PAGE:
Tag Archives: testing

rushing without automated tests is a business mistake

excerpts from article by Joseph Puopolo, An impassioned plea to other Start-up founders to use automated tests.

Working on the business side of the shop, I have fought against automated tests for a while. That all changed recently

The conclusion I reached was that automated tests save developers time and let you deliver more. This was a painful admission, but a correct one.

I have been in multiple start-ups where automated tests didn’t exist, and let me just say the QA overhead was astronomical.

While it seems counter-intuitive, building tests saves you time in the long run. The knee jerk reaction is to spend your time building new features. I have had this reaction many times

One of the biggest time sinks in development is finding the problem. With proper tests in place you can isolate and figure out where the issue is.

With automated tests in place, it is easier for new developers coming into the system to understand code that they didn’t write.

automated tests save time and help you get to market faster. If your goal is to rush to MVP without putting in place a scalable infrastructure that allows you to grow your code base, you are not only making a technical mistake but a business mistake.


a test of knowledge

by Kevlin Henney


(my emphasis)

What can you learn from testing? When you look beyond the red and the green, the fail and the pass, you can learn a lot more about the nature of the code and the nature of the problem domain. And there is a lot to learn — software development is called knowledge work for a reason.

deeper truth becomes visible: knowledge work is about knowledge. It’s about knowing stuff and, most often, also about how you deal with stuff you don’t know.

curiosity is key to how we address a lack of knowledge. Questions are the agents of curiosity. Even without answers, questions can help us to increase and refine our knowledge, to learn.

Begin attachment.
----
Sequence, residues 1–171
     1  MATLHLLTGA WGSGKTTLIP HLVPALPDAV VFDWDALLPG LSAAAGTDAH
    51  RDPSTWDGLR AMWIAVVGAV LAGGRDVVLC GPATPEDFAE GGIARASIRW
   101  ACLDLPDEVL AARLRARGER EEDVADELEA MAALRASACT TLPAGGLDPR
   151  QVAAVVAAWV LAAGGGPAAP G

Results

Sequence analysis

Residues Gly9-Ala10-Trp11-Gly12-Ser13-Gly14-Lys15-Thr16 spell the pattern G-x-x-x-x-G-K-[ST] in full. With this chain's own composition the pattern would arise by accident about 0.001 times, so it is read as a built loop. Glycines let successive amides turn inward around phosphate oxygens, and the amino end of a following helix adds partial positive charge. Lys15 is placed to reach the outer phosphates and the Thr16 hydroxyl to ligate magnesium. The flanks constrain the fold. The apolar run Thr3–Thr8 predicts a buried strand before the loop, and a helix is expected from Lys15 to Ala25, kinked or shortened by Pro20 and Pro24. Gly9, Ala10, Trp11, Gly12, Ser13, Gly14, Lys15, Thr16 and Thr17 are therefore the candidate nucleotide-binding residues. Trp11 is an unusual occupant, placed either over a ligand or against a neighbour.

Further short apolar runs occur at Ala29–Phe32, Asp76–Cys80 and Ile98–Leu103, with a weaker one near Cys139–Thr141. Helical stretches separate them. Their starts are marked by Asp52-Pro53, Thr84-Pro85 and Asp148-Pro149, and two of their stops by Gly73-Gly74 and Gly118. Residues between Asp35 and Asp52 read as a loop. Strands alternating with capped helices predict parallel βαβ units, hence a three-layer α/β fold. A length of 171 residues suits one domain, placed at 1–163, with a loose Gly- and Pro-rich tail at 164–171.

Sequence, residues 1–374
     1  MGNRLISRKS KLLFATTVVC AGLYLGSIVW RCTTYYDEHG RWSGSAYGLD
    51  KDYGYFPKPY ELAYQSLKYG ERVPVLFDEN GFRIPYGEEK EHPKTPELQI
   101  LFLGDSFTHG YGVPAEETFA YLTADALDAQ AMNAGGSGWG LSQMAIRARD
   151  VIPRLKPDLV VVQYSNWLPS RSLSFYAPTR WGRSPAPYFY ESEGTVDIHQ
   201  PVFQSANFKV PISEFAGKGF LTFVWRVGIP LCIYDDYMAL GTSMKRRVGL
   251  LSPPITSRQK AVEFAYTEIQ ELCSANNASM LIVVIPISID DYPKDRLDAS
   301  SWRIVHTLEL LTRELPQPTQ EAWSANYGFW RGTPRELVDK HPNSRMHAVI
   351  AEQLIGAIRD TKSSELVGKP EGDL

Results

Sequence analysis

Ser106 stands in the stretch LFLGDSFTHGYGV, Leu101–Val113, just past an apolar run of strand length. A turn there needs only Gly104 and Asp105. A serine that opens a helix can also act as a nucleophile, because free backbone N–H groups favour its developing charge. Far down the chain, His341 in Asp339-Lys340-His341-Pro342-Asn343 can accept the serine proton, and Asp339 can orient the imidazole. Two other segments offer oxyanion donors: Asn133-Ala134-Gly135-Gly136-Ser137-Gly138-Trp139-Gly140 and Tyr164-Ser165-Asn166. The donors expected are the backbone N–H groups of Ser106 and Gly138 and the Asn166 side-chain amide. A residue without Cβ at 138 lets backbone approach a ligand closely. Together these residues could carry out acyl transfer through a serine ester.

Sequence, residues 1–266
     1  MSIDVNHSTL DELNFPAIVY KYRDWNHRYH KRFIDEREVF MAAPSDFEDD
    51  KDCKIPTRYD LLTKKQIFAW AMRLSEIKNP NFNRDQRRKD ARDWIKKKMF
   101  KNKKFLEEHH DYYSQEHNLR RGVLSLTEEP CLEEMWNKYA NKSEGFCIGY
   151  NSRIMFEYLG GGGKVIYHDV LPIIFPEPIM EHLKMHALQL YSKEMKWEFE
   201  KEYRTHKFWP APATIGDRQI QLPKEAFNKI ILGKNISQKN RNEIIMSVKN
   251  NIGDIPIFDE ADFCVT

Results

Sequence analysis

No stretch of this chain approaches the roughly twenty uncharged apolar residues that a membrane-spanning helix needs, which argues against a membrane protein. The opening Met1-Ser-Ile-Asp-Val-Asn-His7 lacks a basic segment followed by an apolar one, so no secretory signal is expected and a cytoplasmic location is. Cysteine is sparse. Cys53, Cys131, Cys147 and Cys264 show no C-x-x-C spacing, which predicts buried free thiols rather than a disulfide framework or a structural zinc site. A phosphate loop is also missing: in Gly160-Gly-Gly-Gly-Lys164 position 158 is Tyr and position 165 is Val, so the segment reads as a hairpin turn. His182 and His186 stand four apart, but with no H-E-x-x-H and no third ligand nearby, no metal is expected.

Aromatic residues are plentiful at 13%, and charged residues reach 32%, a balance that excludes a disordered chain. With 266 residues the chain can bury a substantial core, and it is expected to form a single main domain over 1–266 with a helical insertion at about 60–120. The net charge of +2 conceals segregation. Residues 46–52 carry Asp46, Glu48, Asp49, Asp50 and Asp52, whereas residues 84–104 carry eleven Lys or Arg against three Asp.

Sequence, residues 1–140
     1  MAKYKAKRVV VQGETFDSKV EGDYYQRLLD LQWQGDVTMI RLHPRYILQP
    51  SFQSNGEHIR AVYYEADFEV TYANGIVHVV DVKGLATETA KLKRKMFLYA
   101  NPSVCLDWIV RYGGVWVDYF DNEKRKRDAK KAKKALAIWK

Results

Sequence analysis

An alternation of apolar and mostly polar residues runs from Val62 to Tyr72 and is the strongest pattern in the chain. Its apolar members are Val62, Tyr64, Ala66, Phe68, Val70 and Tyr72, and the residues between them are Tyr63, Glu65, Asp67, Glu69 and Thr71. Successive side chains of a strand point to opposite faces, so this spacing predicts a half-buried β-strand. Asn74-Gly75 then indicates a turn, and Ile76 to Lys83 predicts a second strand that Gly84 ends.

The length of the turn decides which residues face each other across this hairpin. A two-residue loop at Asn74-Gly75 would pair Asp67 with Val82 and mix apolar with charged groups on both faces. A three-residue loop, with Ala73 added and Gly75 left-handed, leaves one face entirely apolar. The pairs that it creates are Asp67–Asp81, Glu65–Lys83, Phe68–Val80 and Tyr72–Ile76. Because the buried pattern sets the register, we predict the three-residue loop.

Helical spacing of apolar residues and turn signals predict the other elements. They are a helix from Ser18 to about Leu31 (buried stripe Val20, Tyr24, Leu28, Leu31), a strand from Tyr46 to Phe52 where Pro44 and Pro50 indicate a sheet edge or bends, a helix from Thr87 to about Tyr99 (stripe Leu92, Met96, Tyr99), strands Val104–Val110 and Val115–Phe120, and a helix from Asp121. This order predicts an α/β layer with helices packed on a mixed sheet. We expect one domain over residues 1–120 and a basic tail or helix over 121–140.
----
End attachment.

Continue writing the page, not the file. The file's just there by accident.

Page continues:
Software testing is a form of learning. …. 
A test allows us to move from belief to knowledge

the first part of any feedback-based process is generating the feedback; what you do with it becomes the next challenge

learning opportunities are available from … the formulation [of testing] rather than the execution of tests.

The reality is that some things just are harder to code and test no matter how you write the code or the tests. When complexity was being handed out, not all applications and domains of interest were created equal.

on accidental complexity:

in principle, avoidable. This is the realm of technical debt, baroque frameworks and rococo architectures. It’s where speculative generality has come home to roost, copy-and-paste code has blossomed and coupling has weighed anchor. This is where the observation “if your code is difficult to test, it means your code is messy” may often apply.

agile testing: who i listen to

with agile testing i’m thinking about work to improve quality, and work to reveal quality (or lack thereof).

first an interesting idea for learning:
testing dojos



a few people:

Gojko Adzik

Michael Bolton

A few more links about testing heuristics

Lisa Crispin